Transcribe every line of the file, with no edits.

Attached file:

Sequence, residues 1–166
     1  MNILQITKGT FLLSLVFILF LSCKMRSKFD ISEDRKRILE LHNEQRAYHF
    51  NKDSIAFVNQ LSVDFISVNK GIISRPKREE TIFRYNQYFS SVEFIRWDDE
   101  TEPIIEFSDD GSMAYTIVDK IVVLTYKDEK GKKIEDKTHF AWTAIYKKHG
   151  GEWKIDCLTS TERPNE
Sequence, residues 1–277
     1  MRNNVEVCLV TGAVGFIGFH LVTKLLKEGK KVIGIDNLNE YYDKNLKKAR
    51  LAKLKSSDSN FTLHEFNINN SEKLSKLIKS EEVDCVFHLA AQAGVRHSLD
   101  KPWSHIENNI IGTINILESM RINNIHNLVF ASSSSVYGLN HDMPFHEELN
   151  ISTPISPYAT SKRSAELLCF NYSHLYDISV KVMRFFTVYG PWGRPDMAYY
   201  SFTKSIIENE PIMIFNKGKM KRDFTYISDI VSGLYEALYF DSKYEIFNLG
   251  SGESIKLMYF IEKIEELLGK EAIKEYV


Sequence, residues 1–166
     1  MNILQITKGT FLLSLVFILF LSCKMRSKFD ISEDRKRILE LHNEQRAYHF
    51  NKDSIAFVNQ LSVDFISVNK GIISRPKREE TIFRYNQYFS SVEFIRWDDE
   101  TEPIIEFSDD GSMAYTIVDK IVVLTYKDEK GKKIEDKTHF AWTAIYKKHG
   151  GEWKIDCLTS TERPNE
Sequence, residues 1–277
     1  MRNNVEVCLV TGAVGFIGFH LVTKLLKEGK KVIGIDNLNE YYDKNLKKAR
    51  LAKLKSSDSN FTLHEFNINN SEKLSKLIKS EEVDCVFHLA AQAGVRHSLD
   101  KPWSHIENNI IGTINILESM RINNIHNLVF ASSSSVYGLN HDMPFHEELN
   151  ISTPISPYAT SKRSAELLCF NYSHLYDISV KVMRFFTVYG PWGRPDMAYY
   201  SFTKSIIENE PIMIFNKGKM KRDFTYISDI VSGLYEALYF DSKYEIFNLG
   251  SGESIKLMYF IEKIEELLGK EAIKEYV